Wales

Community music groups in Wales 'hit' by funds changes

The City of Cardiff Brass Band
Image caption The City of Cardiff Brass Band is one of the oldest in the UK

Community choirs, orchestras and brass bands could be hardest hit by changes to arts groups funding, it is claimed.

The Arts Council of Wales announced last week that fewer organisations will receive money from next April

Tŷ Cerdd, which gives money to hundreds of community music groups, told BBC Wales' Dragon's Eye programme it faced a significant cut to its grant.

The council said it would talk to the group before figures are finalised, with the aim of a support plan.

As well as providing small grants to amateur music groups, Tŷ Cerdd, which is based in the Wales Millennium Centre, also runs a music information service.

It manages the National Youth Choir, Youth Brass Band and other national youth groups.

Two-thirds of its money comes from the arts council, but it has been told to expect a "markedly reduced level in funding" in future.

One group which has received Tŷ Cerdd's support over the years is the City of Cardiff Brass Band.

"We're able to buy instruments through Tŷ Cerdd and get them cheaper as an organisation," explained conductor Gareth Ritter.

"We've got the full percussion of a symphony orchestra - we didn't have that two years ago. Through Tŷ Cerdd we've been able to do that, through the funding they've given us."

'Up in arms'

Lyn Davies of the Cardiff-based group said the announcement had "serious implications" for music in Wales.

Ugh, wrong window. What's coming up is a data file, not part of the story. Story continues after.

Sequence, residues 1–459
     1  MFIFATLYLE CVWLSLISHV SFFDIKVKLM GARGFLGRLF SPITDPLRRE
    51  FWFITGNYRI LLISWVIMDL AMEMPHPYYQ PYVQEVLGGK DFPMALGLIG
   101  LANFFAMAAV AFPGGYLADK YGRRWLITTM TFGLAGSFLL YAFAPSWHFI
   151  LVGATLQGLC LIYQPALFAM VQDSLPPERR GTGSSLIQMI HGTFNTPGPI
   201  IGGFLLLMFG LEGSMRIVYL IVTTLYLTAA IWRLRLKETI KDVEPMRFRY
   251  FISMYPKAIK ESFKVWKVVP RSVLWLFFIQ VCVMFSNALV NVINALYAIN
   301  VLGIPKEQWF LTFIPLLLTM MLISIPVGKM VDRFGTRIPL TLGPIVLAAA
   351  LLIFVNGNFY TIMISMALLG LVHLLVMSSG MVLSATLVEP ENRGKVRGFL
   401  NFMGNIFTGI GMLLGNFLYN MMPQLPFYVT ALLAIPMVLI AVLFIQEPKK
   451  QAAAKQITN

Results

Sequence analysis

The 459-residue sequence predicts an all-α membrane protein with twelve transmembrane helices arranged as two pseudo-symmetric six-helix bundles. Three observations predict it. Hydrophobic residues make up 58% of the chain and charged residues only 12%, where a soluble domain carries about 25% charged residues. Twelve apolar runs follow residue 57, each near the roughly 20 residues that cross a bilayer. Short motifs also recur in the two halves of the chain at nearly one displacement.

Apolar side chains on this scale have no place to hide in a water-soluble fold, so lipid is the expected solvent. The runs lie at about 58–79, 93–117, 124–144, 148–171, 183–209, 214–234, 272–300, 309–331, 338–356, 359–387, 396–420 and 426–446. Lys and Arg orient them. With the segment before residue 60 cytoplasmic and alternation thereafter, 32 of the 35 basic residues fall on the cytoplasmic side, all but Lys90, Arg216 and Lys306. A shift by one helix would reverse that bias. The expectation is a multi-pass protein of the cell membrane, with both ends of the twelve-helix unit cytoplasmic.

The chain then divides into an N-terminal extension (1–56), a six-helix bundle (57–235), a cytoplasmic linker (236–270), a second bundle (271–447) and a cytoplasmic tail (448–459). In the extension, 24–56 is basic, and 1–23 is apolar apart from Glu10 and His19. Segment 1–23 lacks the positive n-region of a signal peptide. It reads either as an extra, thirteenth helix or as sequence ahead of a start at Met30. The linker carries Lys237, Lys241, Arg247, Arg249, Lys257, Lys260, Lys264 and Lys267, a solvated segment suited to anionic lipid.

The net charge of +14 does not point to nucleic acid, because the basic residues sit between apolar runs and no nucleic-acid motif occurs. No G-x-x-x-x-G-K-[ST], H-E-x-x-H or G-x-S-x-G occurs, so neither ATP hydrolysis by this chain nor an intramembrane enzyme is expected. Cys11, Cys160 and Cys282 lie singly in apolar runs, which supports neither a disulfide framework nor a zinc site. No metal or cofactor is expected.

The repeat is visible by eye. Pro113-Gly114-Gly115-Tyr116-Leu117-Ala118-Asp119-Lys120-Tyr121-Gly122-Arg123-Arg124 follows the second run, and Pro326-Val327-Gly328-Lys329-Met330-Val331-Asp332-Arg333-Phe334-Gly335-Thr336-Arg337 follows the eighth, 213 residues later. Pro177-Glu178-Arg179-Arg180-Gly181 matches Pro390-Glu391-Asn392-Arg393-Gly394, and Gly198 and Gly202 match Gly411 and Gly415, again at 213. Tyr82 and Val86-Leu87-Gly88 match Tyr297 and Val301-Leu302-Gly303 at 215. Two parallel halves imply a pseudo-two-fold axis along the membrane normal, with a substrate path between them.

Mr Davies said the mix between professional a non-professional music groups in Wales had been, and would continue to be, a vital part of the nation's culture.

"I very much regret that they're taking this particular decision," he said.

"I'm surprised that politicians aren't more up in arms about people in their own constituencies who are actively engaged in doing things.

"They're not sitting back home on their settees watching the box, they're actually out there doing things that enrich their local communities."

He added: "To threaten any of that is, I think, political suicide on behalf of the Arts Council."

The Arts Council of Wales confirmed that it will talk to Tŷ Cerdd before final figures are worked out at the end of the year.

"Where Tŷ Cerdd gives its money is a matter for it to decide," said spokesman Nick Capaldi.

"But we'll be talking to them over the coming months and hopefully come up with a plan to support and a strategy that benefits everyone."

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